From the Q Poll:
Connecticut likely voters say Tom Foley, the Republican challenger in the governor’s race, would do a better job than Gov. Dannel Malloy, the Democrat, handling two top issues, the economy/jobs and government spending, as they give Foley a 46 – 40 percent lead eight weeks before Election Day, according to a Quinnipiac University poll released today.
Foley leads 82 – 9 percent among Republicans and 48 – 35 percent among independent voters, while Gov. Malloy takes Democrats 77 – 10 percent, the independent Quinnipiac (KWIN- uh-pe-ack) University poll finds. This survey of likely voters can not be compared to prior surveys of registered voters.
Malloy’s 45 – 38 percent lead with women is offset by Foley’s 54 – 35 percent lead among men.
Joe Visconti, running as an independent candidate, gets 7 percent of the vote. When the race is recalculated without Visconti, Foley leads Malloy 49 – 43 percent.
Among Connecticut likely voters who name a candidate, 69 percent say their mind is made up, while 30 percent say they might change their mind by Election Day. Their minds are made up, say 68 percent of Malloy voters and 77 percent of Foley backers, while 75 percent of Visconti supporters say they might change their mind.
“In our first likely voter poll, Tom Foley has the edge but Gov. Dannel Malloy is certainly within striking distance,” said Douglas Schwartz, PhD, director of the Quinnipiac University poll. “Foley has a double-digit lead among the key swing group, independent voters. With eight weeks until Election Day, there are 6 percent undecided and another 30 percent who say they could change their mind.”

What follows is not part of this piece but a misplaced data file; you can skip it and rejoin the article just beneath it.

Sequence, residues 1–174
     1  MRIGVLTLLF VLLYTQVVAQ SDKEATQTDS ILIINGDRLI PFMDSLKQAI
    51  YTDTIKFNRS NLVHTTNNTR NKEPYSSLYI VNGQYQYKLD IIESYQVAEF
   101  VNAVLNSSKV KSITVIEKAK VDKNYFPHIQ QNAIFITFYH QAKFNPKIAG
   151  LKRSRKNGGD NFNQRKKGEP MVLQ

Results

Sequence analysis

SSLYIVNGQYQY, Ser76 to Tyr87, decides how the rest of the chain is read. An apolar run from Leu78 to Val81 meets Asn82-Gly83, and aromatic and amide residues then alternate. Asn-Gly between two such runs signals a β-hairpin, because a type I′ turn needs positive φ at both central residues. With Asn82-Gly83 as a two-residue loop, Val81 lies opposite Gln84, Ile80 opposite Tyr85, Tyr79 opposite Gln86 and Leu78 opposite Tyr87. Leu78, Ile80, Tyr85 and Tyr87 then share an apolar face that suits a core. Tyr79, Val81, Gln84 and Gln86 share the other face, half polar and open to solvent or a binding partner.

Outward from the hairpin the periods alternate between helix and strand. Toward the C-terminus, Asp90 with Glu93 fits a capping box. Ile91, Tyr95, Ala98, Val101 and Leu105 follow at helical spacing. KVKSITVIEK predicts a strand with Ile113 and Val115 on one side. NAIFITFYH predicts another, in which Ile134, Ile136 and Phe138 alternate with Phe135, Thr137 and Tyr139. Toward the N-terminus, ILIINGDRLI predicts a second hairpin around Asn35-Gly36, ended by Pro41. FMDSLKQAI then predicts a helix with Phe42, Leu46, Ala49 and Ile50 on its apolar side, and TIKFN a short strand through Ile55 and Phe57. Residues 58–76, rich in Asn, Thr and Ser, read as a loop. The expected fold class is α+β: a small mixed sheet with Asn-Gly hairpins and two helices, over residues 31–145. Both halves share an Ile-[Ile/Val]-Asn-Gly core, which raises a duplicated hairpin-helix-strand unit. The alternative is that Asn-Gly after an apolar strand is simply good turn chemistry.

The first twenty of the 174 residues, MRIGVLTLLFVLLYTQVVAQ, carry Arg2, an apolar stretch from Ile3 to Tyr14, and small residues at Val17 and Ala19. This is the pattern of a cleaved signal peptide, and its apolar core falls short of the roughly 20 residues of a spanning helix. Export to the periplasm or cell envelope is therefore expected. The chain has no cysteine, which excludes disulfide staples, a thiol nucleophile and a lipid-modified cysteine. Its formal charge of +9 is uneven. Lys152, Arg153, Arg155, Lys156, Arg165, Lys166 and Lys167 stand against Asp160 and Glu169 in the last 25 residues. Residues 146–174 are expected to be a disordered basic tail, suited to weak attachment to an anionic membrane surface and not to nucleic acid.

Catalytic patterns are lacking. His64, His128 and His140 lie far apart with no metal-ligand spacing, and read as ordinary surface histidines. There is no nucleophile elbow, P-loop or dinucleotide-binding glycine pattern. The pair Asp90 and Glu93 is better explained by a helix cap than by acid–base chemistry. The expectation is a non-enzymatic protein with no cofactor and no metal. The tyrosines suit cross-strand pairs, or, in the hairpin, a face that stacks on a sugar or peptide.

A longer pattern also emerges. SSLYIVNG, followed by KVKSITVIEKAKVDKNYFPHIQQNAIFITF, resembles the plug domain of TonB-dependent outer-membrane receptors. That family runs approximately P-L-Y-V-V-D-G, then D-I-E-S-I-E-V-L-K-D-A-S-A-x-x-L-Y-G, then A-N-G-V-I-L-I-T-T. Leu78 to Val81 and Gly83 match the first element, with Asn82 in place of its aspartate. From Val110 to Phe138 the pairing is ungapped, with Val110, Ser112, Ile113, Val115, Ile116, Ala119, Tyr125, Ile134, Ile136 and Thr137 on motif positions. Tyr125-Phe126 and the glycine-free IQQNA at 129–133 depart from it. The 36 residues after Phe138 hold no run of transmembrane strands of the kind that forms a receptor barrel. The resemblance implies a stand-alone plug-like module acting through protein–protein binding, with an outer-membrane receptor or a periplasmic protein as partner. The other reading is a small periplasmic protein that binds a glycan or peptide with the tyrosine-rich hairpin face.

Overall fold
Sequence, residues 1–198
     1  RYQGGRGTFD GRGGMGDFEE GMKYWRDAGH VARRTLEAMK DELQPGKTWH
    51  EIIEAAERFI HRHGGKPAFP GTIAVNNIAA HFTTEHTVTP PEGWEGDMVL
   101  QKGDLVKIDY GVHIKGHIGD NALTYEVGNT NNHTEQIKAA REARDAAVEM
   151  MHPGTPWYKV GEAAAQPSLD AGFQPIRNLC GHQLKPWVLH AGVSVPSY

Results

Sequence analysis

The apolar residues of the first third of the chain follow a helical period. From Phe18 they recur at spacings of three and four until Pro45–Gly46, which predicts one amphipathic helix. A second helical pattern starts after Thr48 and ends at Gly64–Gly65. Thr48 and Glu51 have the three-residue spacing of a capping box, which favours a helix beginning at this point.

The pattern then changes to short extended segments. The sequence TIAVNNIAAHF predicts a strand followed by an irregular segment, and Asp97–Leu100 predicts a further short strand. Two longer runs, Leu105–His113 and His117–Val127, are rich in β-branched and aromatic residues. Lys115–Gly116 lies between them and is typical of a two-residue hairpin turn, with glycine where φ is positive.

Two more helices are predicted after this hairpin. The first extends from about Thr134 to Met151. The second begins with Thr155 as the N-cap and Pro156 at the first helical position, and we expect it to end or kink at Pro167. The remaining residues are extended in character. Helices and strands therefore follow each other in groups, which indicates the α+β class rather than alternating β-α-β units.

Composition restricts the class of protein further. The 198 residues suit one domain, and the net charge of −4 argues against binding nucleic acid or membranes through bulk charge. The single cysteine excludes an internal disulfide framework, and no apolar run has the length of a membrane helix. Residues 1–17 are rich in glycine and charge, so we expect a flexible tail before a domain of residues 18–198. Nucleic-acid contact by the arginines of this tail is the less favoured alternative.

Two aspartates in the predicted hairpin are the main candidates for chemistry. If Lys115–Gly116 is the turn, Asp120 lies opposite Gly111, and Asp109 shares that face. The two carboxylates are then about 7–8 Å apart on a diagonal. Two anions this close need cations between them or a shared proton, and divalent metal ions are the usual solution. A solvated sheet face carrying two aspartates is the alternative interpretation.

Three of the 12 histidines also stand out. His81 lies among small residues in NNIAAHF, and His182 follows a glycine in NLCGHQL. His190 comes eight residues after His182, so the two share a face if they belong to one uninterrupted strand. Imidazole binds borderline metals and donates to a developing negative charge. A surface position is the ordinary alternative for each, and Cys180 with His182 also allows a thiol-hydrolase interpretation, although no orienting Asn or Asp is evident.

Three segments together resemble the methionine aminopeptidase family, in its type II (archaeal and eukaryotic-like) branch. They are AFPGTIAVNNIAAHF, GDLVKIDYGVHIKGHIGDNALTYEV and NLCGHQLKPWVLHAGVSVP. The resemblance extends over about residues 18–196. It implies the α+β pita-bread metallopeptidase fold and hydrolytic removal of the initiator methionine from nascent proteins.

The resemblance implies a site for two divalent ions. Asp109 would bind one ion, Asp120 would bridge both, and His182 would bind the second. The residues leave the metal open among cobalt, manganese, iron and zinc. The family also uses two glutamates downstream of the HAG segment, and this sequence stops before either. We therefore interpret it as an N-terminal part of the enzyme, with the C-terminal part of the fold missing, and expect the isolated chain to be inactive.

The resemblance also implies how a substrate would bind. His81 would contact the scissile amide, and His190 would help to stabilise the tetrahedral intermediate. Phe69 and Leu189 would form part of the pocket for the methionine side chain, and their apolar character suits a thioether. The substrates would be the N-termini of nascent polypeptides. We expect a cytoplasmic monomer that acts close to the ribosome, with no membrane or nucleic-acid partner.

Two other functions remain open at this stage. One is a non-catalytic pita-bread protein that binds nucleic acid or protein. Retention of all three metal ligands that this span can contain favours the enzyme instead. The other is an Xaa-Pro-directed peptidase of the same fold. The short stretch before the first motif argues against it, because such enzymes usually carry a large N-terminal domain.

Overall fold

“A difficult problem for Malloy to overcome is his high negative favorability rating, as 53 percent say they have an unfavorable opinion of him, including 40 percent who say they have a strongly unfavorable opinion,” Dr. Schwartz added.
“It is tough for a well-known incumbent to change voter opinion once formed. In contrast, only 33 percent have an unfavorable opinion of Foley.”
Connecticut likely voters have a negative 40 – 53 percent favorability rating of Malloy. Foley gets a positive 42 – 33 percent favorability rating. For Visconti, 89 percent don’t know enough about him to form an opinion.
The economy/jobs matters most in their vote for governor, 40 percent of likely voters say, while 19 percent list government spending and 16 percent list taxes.
Foley would do a better job than Malloy handling these top issues, voters say:
• 54 – 37 percent on the economy and jobs;
• 59 – 31 percent on taxes;
• 54 – 36 percent on finding the right balance between needed and unneeded government spending.
Looking at Malloy’s character traits, Connecticut voters say:
• 51 – 38 percent that he is honest and trustworthy;
• 48 percent that he cares about their needs and problems, while 46 percent say he doesn’t care;
• 57 – 38 percent that he has strong leadership qualities.
Looking at Foley’s character, voters say:
• 44 – 28 percent that he is honest and trustworthy;
• 46 – 35 percent that he cares about their needs and problems;
• 53 – 24 percent that he has strong leadership qualities.
“Foley leads Malloy in large part because he is viewed by most voters as better able to handle pocketbook issues. Voters think Foley is better able than Malloy to handle their top issue – the economy and jobs. Foley also has big leads on taxes and government spending, while Malloy has small leads on gun policy and education,” Dr. Schwartz said.
From September 3 – 8, Quinnipiac University surveyed 1,304 likely voters with a margin of error of +/- 2.7 percentage points.